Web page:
The counselor took my mom’s side and asked why I couldn’t be nicer to my mom? Why couldn’t I just obey my mom? I felt violated and betrayed. So the next week, when my mom told me to get in the car for counseling, I refused. She threatened to make me a ward of the court again. She picked up the phone and started dialing. I immediately ripped the phone out of the wall (looking back I had anger issues because my world was crumbling around me) and told her I wasn’t going to counseling again.
She left and called the police on me, who took me in the back of their squad car to a mental health facility. This is where things started to change for the worse. This was my first foray into the mental health system, and it wasn’t positive. In the waiting area, someone else said to me – whatever you do, do not tell them you want to hurt yourself or anyone else. Everything will be okay as long as you don't say that. I took that advice to heart. My mom was at a loss when they told her that unless I committed myself, there was nothing they could do. My mom was in tears as they released me, and we had a quiet car ride home.
I hadn’t been angry with my dad’s passing, but I was angry now. Angry at my mom for not being able to take care of me. We both decided I couldn’t live at home and decided on boarding school – my first foray into the residential living experience. It was cool for me – I got to live in a co-ed boarding school with other high school students – like going to college two years before I graduated high school.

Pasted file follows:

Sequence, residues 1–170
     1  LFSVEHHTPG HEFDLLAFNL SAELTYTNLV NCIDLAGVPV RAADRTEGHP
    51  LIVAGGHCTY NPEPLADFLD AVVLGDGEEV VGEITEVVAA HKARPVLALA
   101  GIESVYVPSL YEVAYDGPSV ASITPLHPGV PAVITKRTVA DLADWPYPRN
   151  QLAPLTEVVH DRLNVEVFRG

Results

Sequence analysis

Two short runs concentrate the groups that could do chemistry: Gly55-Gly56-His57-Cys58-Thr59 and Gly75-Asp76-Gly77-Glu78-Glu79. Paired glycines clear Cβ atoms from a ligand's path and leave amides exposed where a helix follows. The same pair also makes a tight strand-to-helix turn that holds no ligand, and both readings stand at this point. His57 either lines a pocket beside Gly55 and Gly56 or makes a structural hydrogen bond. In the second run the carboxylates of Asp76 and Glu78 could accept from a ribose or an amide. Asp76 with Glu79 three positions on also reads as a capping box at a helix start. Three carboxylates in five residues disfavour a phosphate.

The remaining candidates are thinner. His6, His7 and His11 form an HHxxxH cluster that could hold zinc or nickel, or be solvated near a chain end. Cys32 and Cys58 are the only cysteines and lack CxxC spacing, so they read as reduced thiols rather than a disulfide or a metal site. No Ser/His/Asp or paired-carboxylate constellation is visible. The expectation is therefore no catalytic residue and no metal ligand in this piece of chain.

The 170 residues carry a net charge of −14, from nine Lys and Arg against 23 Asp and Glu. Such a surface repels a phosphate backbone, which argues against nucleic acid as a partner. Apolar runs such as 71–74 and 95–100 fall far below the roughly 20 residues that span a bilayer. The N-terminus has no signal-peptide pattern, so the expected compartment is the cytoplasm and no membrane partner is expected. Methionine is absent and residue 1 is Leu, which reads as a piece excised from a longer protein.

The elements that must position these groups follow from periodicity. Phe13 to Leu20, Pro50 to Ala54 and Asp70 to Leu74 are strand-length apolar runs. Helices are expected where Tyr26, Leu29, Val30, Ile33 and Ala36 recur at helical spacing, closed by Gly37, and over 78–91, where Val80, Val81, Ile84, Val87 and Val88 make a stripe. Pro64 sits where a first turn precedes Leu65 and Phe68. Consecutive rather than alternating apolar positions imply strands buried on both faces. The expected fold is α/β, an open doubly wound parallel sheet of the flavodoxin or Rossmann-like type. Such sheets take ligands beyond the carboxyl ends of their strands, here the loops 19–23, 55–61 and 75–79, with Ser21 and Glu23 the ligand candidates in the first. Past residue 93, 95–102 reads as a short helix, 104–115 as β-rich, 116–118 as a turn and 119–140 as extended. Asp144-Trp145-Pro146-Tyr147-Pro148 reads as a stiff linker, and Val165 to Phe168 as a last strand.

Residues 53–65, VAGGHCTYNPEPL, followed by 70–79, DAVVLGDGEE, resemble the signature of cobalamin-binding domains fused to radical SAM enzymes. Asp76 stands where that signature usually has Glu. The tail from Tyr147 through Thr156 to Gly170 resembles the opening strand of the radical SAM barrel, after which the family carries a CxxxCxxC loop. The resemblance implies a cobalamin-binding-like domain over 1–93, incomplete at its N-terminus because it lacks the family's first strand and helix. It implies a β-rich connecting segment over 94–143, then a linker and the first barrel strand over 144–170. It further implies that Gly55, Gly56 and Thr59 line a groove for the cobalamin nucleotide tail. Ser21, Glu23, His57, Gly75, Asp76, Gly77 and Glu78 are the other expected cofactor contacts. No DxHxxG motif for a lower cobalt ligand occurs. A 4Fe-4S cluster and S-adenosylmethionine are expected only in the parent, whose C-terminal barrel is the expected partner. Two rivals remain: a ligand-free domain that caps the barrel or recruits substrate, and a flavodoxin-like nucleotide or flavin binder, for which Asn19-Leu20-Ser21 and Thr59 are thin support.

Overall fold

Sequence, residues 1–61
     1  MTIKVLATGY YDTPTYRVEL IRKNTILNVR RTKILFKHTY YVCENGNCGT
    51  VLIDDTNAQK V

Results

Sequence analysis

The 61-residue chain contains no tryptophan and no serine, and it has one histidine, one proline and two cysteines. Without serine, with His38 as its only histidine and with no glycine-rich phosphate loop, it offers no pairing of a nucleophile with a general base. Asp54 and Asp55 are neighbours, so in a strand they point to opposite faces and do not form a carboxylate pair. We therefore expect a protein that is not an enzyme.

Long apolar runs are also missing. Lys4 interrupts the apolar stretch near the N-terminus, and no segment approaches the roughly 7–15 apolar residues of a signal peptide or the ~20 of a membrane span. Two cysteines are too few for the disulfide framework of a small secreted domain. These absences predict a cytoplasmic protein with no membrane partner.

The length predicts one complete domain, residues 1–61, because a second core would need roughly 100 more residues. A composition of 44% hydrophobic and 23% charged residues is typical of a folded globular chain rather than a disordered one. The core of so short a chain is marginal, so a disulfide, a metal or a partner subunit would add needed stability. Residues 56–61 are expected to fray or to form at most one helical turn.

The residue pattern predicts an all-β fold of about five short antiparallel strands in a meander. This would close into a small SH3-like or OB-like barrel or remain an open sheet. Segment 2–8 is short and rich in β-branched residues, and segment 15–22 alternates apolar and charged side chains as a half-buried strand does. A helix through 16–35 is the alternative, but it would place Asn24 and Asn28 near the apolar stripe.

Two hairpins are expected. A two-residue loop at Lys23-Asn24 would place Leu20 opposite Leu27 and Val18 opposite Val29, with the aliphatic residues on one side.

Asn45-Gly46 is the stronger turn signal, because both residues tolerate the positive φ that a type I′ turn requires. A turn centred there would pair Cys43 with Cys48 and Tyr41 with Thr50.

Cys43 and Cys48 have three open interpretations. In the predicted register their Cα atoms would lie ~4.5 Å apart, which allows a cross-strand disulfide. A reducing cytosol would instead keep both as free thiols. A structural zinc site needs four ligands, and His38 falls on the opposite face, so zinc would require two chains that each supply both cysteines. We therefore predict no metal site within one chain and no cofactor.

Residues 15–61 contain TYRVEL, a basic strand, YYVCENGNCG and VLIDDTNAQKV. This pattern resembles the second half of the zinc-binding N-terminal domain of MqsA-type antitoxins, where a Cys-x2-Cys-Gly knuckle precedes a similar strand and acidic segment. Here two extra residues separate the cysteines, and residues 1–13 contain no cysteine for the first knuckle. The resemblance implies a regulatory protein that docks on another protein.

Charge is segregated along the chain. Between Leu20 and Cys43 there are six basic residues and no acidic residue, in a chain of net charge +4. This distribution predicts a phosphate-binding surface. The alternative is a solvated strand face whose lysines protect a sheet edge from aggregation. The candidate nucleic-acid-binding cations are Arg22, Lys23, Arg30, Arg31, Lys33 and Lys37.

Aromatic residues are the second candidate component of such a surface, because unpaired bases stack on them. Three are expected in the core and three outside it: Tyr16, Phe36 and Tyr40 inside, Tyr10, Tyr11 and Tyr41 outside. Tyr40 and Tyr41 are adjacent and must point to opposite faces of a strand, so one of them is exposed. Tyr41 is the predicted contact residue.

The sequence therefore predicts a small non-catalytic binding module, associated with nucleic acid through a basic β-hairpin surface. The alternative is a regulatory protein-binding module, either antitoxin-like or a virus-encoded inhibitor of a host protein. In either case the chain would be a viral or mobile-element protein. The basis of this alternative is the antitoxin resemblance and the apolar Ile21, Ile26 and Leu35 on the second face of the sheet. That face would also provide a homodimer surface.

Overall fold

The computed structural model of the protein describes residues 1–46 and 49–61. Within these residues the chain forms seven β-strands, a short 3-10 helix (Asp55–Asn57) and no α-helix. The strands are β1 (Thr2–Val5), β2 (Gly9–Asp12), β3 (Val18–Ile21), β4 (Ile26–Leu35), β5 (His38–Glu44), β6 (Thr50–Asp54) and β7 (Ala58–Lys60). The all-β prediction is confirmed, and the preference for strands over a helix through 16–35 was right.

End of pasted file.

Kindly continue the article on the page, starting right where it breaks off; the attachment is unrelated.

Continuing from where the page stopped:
My relationship with my mom didn't improve, but at least I was at boarding school. I got a job to help gain my independence, and then I broke all connection with my mom my senior year of high school. On top of that, I decided to go to college 3,000 miles away at UC Santa Barbara.
Through this process, I learned a lot. I became a Resident Advisor, and did some training on sexual assault that would ultimately change my life. Things with my mom started to get a little better with some time and distance, but there was always a blockage. Then, during a phone conversation, she dropped some information that would ultimately change my life.
She shared that her father had molested her as a child.
This one piece of information was life changing. Suddenly EVERYTHING made sense to me. I knew the moment my mom told me that it was true, because her reactions were textbook from the training I had received on how sexual assault survivors cope.
She also shared that while in college she was also raped, which studies show is more likely for children molested as a child. But in this moment, my mom went from an angry, unhappy jerk, to a woman who had survived. My dad went from being a monster, to being my mom’s savior, rescuing her from her family and her father. I finally saw that when my father passed away, so did my mom’s entire bedrock of living.